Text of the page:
A chance reference in a comment on an earlier article led me to Diana Peterfreund’s Killer Unicorns, and I could not be more grateful. Which is saying something, because the comments on this series so far have been both entertaining and enlightening. Thank you all, and please keep them coming.
Meanwhile, I have had a splendid time with the two volumes of what we can hope will be at least a trilogy. Rampant and its sequel, Ascendant, have a certain air of Buffy Meets (and Slays) The Last Unicorn. But like all really good homages, they take off in directions that are entirely their own.
Peterfreund hits the right notes from the start. Astrid is fifteen, doing a fairly decent job (all things considered) of fitting in in high school, and dating the cool guy on campus. She’s trying to play the game of teen sex, making her away around the bases, but she’s not quite ready for that home run.
As Rampant opens, Astrid is babysitting in deepest suburbia. We learn that her family life is a little weird and her mom, Lilith, is a lot weird. Lilith threw away a highly promising academic career by becoming fixated on one particular species of mythical beast, the unicorn. Astrid spends a great deal of time living this down, while living with Lilith in an apartment over her uncle’s garage. There is no father in the picture and never has been.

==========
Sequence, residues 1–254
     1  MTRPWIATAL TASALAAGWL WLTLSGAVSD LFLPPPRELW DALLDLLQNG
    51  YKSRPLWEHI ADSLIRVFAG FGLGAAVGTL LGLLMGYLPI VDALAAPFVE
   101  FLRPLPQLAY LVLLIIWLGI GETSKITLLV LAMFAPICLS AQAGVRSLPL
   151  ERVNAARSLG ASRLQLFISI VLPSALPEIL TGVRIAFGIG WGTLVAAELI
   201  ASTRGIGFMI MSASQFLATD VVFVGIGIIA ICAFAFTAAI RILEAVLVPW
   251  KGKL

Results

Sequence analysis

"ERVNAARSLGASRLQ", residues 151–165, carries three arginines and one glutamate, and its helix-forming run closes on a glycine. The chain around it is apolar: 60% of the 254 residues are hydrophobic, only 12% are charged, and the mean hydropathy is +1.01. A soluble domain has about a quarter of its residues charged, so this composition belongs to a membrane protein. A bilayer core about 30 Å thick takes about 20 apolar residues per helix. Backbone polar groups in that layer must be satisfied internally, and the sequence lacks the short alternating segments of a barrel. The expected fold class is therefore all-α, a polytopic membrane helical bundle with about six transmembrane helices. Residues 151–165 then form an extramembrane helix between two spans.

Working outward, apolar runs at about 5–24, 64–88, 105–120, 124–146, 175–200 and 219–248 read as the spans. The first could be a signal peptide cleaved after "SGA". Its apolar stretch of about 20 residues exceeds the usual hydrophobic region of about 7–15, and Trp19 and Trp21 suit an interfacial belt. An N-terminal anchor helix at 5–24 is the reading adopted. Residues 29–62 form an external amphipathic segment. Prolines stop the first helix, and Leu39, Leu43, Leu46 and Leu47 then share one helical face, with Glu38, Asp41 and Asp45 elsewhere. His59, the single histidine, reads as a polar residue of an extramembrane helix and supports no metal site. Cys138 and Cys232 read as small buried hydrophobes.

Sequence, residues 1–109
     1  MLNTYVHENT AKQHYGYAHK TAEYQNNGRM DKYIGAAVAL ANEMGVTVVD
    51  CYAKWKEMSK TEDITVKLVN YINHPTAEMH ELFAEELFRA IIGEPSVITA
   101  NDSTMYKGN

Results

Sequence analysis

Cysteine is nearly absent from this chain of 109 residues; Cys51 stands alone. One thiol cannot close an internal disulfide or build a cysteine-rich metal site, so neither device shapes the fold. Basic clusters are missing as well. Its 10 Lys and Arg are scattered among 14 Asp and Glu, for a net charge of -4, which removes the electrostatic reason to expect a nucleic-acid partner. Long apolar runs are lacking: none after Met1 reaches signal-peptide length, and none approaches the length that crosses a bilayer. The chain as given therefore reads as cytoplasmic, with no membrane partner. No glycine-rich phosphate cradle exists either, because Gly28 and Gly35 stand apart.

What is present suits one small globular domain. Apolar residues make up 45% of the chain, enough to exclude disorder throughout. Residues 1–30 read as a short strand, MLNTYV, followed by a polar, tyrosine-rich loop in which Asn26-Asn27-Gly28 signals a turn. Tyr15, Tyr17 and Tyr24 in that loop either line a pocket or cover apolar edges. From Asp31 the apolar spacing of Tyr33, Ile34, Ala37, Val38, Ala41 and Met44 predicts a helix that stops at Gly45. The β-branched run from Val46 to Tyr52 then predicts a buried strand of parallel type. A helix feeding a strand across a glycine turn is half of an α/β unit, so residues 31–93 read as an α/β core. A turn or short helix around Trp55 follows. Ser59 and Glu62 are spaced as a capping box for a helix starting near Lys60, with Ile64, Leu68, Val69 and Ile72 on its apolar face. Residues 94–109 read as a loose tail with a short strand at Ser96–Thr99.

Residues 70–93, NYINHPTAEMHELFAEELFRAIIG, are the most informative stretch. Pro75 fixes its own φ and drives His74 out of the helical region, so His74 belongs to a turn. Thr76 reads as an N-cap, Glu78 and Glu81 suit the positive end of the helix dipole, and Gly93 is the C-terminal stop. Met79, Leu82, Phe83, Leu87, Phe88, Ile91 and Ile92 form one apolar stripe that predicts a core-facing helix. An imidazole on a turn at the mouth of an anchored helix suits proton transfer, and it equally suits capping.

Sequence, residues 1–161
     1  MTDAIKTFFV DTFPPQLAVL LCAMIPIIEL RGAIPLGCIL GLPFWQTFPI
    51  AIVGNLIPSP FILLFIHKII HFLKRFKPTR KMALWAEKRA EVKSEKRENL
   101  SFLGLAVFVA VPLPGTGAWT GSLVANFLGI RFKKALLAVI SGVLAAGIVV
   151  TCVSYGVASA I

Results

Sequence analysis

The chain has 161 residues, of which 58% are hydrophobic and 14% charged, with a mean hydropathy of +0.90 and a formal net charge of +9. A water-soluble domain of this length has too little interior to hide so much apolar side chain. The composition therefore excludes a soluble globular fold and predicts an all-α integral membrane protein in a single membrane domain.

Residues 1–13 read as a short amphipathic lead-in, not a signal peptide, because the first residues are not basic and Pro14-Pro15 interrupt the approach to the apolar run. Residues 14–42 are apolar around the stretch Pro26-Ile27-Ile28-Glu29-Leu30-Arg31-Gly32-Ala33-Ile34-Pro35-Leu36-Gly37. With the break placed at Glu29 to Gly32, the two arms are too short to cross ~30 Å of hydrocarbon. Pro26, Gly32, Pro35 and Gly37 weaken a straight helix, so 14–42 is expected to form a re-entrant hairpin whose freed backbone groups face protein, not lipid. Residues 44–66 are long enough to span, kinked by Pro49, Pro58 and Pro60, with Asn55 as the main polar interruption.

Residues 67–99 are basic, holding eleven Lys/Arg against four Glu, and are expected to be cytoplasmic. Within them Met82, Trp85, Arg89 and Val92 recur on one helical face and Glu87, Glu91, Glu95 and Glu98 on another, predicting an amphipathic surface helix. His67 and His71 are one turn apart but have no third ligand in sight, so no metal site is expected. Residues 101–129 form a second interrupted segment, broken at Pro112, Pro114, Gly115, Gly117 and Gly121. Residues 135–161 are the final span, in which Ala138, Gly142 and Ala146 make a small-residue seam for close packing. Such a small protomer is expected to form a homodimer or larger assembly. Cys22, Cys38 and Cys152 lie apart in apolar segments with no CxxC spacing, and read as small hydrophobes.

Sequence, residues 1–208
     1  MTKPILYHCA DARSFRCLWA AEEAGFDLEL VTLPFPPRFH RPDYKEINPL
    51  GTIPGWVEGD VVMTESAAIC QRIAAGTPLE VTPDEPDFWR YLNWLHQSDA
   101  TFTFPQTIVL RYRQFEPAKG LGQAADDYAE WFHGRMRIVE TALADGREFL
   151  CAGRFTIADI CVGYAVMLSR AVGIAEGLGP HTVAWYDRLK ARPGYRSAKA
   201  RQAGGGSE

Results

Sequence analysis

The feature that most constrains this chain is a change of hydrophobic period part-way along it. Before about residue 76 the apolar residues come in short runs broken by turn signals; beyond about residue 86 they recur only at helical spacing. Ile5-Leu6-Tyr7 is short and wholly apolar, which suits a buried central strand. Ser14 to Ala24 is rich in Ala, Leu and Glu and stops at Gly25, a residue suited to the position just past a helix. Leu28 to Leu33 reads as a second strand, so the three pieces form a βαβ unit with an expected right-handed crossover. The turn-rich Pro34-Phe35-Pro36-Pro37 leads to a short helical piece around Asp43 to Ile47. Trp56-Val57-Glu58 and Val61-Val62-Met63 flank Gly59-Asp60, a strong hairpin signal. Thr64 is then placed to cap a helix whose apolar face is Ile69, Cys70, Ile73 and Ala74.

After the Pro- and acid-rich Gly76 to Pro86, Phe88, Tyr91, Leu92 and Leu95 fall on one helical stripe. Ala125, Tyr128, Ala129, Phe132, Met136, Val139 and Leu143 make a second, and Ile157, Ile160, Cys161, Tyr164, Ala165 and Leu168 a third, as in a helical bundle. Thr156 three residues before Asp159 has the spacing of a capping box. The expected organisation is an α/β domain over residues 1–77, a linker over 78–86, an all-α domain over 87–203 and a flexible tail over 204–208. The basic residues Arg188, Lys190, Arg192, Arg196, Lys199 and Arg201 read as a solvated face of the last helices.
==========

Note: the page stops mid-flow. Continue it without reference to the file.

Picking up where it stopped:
Lilith has raised Astrid to be downright phobic about unicorns. There is nothing sparkly or rainbow-y or sweet about the unicorns Lilith is obsessed with. Lilith’s unicorns are vicious predators whose horns are filled with deadly venom.
They are also, to Lilith’s regret, extinct. Lilith claims to be the descendant of an ancient line of unicorn hunters, one of whom, in the nineteenth century, killed off the last of the unicorns. Nothing remains of them but legend, myth, and a tradition of arcane and obscure knowledge. Lilith has devoted her life to tracking down as much of the lore as she can.
Astrid just wants to be normal and get to home base with Brandt. Eventually. When she’s ready.
Then comes the night of the babysitting gig in a house filled with sparkly unicorn décor, which gives Astrid the horrors. And a sort of date with Brandt, supposedly to study French, but neither Astrid nor Brandt expects to do a lot of actual studying. This could be the night, Astrid thinks. Maybe.
But the universe has other plans. Brandt convinces Astrid to take their study date into the woods—still in sight and sound of the house, but nicely secluded. Just as they settle in for some serious making out, Astrid’s world breaks wide open.